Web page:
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CCC calls for increased government-business sector collaboration to usher green development

 The Climate Change Commission (CCC) calls for  increased collaborative work for the government and private business sector in ushering a paradigm shift toward low-carbon and climate-resilient development.

CCC Secretary Emmanuel M. de Guzman said that the climate emergency must inspire radical action both from the public and the private sector, in the same manner as the COVID-19 pandemic response.

“The current Covid-19 pandemic and the prevailing climate emergency are both rooted in the world’s current economic model of pursuing infinite growth at the expense of our planet on which our survival depends,” he said during the Manila Times Virtual Forum held on Wednesday, November 11.

De Guzman cited the recent two powerful typhoons Rolly and Quinta, which left numerous casualties and millions in destroyed crops and infrastructure in the Bicol Region. The recovery and reconstruction efforts in affected areas are put on hold as residents brace for another tropical storm that is projected to further intensify into a typhoon before making landfall

“There is no more time to waste. We must immediately pursue the integration and coherence of private and public sector strategies for climate change adaptation and mitigation, disaster risk reduction, and sustainable development,” De Guzman stressed.

De Guzman stressed the role of international climate negotiations and national policies which mainstream climate change adaptation and mitigation to address the problem of climate change. He said that reducing carbon emissions entails the exponential scaling up of renewable energy systems, energy efficiency, electrification of transport systems, and improvements of industrial and building efficiency on a global scale.

“Despite our country’s insignificant emissions of less than half of one percent of global emissions, the burden of prevalent poverty, and the recurring economic losses from climate change impacts, we are resolved to pursue a low-carbon development pathway,” he affirmed.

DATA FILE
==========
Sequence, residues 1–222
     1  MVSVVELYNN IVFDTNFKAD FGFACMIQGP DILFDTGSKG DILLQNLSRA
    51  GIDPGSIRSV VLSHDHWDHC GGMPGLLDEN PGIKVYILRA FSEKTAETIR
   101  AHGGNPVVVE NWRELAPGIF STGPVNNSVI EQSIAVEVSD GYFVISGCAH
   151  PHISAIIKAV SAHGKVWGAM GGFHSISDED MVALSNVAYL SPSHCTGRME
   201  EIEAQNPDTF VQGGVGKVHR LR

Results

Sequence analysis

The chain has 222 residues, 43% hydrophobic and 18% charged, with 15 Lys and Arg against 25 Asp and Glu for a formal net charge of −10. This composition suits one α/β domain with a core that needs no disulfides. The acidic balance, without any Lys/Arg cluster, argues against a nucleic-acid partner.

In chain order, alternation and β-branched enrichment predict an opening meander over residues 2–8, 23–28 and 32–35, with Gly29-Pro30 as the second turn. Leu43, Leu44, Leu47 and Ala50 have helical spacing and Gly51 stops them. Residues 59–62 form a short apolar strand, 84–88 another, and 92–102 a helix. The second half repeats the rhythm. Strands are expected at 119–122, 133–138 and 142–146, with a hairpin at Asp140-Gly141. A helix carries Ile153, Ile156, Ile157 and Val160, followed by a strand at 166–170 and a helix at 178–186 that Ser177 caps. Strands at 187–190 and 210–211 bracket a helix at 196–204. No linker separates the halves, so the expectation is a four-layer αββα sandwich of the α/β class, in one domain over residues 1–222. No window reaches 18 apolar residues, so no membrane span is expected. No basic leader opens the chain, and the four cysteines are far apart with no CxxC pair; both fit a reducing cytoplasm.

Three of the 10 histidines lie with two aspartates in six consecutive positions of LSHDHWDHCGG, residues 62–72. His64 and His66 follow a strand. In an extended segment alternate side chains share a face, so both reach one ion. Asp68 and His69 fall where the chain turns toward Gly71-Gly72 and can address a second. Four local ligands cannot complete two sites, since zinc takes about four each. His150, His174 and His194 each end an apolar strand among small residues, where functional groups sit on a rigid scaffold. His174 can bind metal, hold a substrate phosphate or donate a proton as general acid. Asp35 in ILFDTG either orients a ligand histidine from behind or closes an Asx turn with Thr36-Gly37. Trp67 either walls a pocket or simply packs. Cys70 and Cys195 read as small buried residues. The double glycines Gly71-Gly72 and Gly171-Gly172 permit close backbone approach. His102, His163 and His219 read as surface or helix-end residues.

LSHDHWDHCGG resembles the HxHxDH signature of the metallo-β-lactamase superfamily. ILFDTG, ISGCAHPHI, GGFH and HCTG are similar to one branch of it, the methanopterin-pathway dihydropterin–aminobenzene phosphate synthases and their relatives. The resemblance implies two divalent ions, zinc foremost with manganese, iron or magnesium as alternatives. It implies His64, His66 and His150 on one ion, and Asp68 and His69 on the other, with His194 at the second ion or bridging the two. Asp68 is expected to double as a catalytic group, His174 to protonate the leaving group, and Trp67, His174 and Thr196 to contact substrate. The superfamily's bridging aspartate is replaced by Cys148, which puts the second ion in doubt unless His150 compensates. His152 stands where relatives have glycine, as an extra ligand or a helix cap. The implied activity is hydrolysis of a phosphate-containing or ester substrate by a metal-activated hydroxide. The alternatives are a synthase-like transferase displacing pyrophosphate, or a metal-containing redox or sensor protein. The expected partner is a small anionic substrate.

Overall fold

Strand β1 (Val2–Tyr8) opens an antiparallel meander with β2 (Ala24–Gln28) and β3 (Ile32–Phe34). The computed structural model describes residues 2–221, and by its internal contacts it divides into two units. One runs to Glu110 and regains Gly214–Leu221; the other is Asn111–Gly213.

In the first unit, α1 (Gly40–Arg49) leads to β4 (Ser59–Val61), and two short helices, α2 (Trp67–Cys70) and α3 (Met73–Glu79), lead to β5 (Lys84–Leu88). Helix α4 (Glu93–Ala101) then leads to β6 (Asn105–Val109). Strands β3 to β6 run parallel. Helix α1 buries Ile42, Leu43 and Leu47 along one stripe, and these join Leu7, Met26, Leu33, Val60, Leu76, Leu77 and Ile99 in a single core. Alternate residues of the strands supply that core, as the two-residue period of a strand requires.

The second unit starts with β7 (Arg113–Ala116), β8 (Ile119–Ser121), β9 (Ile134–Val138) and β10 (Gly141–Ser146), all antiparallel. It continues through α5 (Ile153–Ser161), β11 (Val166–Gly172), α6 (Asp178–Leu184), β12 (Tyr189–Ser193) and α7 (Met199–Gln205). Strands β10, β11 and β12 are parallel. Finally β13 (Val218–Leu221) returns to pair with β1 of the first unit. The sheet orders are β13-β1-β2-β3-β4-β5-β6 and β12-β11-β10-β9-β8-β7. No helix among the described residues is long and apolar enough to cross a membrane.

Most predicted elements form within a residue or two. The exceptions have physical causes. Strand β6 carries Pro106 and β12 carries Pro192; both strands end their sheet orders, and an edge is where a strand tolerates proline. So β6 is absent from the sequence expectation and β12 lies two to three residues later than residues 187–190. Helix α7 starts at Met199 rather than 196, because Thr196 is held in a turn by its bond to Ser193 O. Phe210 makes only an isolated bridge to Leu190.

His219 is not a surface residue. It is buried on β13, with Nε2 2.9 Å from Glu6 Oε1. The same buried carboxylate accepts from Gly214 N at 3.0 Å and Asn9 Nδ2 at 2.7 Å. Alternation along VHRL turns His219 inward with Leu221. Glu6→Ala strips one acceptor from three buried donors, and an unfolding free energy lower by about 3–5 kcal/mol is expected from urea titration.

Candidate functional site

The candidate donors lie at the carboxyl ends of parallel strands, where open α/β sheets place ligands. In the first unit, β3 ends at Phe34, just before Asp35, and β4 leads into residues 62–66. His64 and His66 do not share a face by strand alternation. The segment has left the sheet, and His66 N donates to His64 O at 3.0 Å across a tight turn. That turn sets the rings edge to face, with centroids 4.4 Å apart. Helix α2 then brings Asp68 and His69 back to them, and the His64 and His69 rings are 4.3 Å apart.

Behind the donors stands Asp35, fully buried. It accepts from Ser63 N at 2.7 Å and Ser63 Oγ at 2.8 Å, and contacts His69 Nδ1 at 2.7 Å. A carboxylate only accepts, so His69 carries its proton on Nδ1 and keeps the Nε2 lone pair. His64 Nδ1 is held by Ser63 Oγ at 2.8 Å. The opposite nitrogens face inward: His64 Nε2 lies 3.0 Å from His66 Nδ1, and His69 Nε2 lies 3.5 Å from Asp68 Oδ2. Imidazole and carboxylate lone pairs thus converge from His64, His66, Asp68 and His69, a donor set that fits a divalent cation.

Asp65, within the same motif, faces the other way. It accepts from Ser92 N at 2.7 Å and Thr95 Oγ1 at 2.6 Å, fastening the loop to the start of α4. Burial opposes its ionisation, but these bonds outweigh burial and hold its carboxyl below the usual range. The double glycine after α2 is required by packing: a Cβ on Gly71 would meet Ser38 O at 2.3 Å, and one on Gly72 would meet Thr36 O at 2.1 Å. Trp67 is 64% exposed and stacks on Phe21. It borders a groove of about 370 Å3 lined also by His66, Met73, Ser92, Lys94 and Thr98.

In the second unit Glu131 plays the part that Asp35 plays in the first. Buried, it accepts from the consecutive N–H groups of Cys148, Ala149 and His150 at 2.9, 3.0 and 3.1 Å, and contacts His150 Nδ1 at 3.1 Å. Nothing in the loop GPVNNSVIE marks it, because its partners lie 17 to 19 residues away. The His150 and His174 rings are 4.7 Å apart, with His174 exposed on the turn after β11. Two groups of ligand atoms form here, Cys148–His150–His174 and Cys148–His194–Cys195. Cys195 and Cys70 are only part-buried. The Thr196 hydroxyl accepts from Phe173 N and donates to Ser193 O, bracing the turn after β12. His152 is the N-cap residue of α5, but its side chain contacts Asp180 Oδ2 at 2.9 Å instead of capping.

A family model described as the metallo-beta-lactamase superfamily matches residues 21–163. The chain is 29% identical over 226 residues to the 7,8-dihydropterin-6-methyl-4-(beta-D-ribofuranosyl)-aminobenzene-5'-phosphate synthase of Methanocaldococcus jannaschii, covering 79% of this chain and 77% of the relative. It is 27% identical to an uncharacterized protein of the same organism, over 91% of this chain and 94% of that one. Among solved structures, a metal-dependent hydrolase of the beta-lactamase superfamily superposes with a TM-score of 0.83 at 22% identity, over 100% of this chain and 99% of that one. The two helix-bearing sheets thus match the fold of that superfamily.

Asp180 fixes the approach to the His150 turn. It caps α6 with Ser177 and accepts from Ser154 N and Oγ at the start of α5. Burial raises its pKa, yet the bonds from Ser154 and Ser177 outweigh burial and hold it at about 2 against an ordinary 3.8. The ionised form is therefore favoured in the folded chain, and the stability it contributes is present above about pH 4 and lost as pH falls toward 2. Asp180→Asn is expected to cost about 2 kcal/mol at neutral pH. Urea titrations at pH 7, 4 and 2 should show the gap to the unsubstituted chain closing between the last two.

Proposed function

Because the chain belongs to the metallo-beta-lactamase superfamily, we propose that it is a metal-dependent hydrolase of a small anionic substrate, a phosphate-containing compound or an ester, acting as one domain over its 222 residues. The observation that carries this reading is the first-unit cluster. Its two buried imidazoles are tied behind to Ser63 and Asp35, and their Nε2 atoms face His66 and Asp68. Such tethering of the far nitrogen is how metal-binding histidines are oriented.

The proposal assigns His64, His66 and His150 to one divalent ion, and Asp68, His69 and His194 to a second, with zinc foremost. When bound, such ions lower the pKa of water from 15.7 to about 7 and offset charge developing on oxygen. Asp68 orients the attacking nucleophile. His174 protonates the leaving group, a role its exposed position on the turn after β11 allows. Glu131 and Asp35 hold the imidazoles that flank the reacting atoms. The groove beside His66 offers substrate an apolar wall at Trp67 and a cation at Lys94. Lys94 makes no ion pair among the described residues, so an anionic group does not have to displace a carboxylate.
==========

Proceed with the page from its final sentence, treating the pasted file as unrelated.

De Guzman also mentioned the policy initiatives from the other agencies of the government – such as the sustainability reporting guidelines for publicly listed companies issued by the Securities and Exchange Commission; sustainable finance policy framework approved by the Bangko Sentral ng Pilipinas, and the moratorium on new coal-fired power plants which will be issued by the Department of Energy –  which shall be articulated in the country’s first Nationally Determined Contributions or NDC under the Paris Agreement, which is now being developed and finalized through a whole-of-government-and-society approach.

“The NDC is the articulation of the country’s investment strategy in pursuit of climate-resilient and low carbon development. It defines also which transformational measures are conditional or contingent on the climate finance support of developed countries,” De Guzman said.

The  Secretary also emphasized that the policies, frameworks, and regulations of the government will not be successful without the support and cooperation of the private sector. He enumerated several possible areas of cooperation between the public and the private sector in the pursuit of sustainable and green development – such as promoting risk-informed and science-based development planning; mainstreaming climate change and disaster resilience in the businesses’ investment and operational planning; promoting sustainable urban planning and development; developing and promoting disaster risk financing tools; and social preparations for the low-carbon transition and the exponential transformation of all sectors towards a green economy.

De Guzman mentioned that these climate solutions are now often cheaper and provide greater economic returns than higher-carbon alternatives, opposite from the mistaken assumption before that climate actions are inevitably costly to those that pursue them.

“Such thinking only empowers those who stand to benefit from delay and inaction by propounding the notion that climate action conflicts with critical economic, development, and public welfare priorities. We now know that reality is very much different. What is good for the planet is good for business,” De Guzman said.


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